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SPLENDA® No Calorie Sweetener

How SPLENDA® No Calorie Sweetener Can Be Calorie-Free

I have been compensated for my time by McNeil Nutritionals, LLC, the maker of SPLENDA® Sweetener Products. All statements and opinions are my own. I have pledged to Blog With Integrity, asserting that the trust of my readers and the blogging community is vitally important to me.

Do you wonder how and why SPLENDA® No Calorie Sweetener can be nearly free of calories and carbohydrate, even though sucralose, the sweetening ingredient in all SPLENDA® Sweetener Products, starts from sugar and offers your taste buds a sweet treat? Read on to understand how and why.

First let’s look at how the body processes sucralose, the sweetening ingredient in SPLENDA® No Calorie Sweeteners. Sucralose is created through a process that begins with sugar, also called sucrose. The changes made to sucrose to create sucralose achieve two things: 1) make sucralose about 600 times sweeter than sugar, 2) don’t allow the body to break down sucralose for energy.

Most of the sucralose you eat is not absorbed. It is excreted from the body unchanged in the stool. The small amount that is absorbed is rid from the body unchanged in the urine about 24 hours after it’s eaten. The body doesn’t recognize sucralose as a source of carbohydrate or calories. In contrast, sucrose, is broken down by the body into glucose and fructose, which are recognized as sources of calories and carbohydrate.    

To learn more, watch this short video which describes the composition of sucralose, the manufacturing process, and how the body processes it (click on the image to access the video):

Sucralose in the body - Video

Next, let’s look at the ingredients in the different forms of SPLENDA® No Calorie Sweetener Products. You’re likely most familiar with the packets and the granulated forms. Both forms contain the no-calorie sweetening ingredient sucralose. They also contain small amounts of a couple of food ingredients, known as bulking ingredients, which are commonly found in other retail no-calorie sweeteners and foods. They add texture and volume so you can sprinkle and pour  like sugar.  

The FDA regulations allow products which contain less than 5 calories per serving to use one of these nutrition claims: “zero calories”, “no calories”, or “calorie free.” A serving of SPLENDA® No Calorie Sweetener is one packet or one teaspoon of the granulated product.Nutrition Facts Panel for SPLENDA Packets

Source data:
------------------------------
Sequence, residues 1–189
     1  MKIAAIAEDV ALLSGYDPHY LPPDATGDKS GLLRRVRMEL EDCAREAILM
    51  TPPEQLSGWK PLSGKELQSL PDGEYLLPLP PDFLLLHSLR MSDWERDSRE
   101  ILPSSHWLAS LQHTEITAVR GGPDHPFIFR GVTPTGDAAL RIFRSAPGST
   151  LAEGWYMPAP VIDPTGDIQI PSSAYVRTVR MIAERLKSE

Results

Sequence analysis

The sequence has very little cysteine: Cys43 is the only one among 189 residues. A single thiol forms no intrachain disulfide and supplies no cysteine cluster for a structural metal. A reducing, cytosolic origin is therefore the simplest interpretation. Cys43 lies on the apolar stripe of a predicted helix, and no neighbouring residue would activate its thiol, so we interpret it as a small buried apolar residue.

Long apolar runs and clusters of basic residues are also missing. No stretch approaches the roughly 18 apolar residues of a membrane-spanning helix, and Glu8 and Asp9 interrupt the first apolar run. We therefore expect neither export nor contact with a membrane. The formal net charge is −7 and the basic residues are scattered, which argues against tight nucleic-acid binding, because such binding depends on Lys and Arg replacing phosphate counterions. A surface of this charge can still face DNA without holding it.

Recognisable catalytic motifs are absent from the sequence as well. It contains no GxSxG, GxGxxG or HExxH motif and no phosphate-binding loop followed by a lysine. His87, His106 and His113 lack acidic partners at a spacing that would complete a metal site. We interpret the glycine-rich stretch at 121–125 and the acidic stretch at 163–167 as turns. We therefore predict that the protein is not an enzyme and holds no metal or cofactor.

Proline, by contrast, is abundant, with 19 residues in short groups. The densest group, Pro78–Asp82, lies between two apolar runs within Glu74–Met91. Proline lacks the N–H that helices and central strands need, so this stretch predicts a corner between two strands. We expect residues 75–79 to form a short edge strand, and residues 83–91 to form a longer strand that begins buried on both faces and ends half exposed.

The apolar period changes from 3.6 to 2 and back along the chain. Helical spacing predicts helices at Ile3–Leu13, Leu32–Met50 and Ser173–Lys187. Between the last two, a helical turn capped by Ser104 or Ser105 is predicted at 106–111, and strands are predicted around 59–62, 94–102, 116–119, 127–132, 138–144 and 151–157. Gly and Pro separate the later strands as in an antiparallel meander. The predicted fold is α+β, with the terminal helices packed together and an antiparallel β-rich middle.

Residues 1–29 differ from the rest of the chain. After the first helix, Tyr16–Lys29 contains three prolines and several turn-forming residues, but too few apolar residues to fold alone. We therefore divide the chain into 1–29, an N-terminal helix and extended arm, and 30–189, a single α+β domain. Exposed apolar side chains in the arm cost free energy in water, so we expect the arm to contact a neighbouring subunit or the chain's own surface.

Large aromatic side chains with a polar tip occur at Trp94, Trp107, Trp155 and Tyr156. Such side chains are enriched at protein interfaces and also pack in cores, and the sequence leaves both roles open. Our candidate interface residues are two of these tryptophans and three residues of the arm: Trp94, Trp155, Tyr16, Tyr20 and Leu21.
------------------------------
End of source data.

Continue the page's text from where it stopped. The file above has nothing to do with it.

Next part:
The image on the right is the Nutrition Facts panel from a box of SPLENDA® No Calorie Sweetener packets.

If you have diabetes or count carbohydrate grams for another reason, rest assured that SPLENDA® No Calorie Sweetener Products contain less than one gram of carbohydrate per serving. While sucralose contains no carbohydrate, there’s a small amount in the bulking ingredients used in the various forms of SPLENDA® No Calorie Sweetener. However, the amount is nearly negligible because you use such small amounts. Up to 4 packets or 8 teaspoons of the granulated form are considered a “free food” in a diet for diabetes. A “free food” is defined by the American Diabetes Association and the Academy of Nutrition and Dietetics, as any food or beverage that has less than 20 calories and 5 grams or less of carbohydrate per serving. SPLENDA® No Calorie Sweetener Products can easily fit into a healthy eating plan for people with diabetes.

Hope Warshaw, MMSc, RD, CDE, BC-ADM, is a nationally recognized dietitian and diabetes educator who applies nearly 35 years of expertise as an author, freelance writer, media spokesperson, consultant and diabetes educator. Hope recognizes that healthy eating today can be one tough job and believes that simple tweaks in your food choices and how you prepare foods can often set you on a path to healthier eating.

For more information, please visit:
Understanding Food Labels: http://www.splenda.com/health-wellness/food-labels

References:

  • Academy Nutrition and Dietetics. Use of nutritive and nonnutritive sweeteners  (position paper). Jour Acad Nutr Diet. 2012; 112(5):539-757.
  • Code of Federal Regulations – Title 21. http://www.accessdata.fda.gov/scripts/cdrh/cfdocs/cfCFR/CFRSearch.cfm?fr=101.60
  • Wheeler L, et al. Choose Your Foods: Exchange Lists for Diabetes, Sixth Edition, 2008: Description and Guidelines for Use. J Acad Nutr Diet. 2008; 108(5): 883-888.

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